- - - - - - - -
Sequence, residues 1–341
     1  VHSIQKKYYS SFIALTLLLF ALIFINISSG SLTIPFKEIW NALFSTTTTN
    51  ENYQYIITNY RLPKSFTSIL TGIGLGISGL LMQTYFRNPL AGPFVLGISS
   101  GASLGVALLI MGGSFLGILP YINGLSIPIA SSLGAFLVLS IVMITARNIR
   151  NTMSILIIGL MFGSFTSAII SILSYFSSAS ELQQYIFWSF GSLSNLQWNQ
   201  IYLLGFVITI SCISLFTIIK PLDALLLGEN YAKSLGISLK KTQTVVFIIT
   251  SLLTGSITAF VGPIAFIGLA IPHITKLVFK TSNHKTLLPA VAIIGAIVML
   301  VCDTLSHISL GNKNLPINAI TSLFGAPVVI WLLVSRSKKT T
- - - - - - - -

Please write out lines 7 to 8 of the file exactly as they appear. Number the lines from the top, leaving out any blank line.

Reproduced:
   251  SLLTGSITAF VGPIAFIGLA IPHITKLVFK TSNHKTLLPA VAIIGAIVML
   301  VCDTLSHISL GNKNLPINAI TSLFGAPVVI WLLVSRSKKT T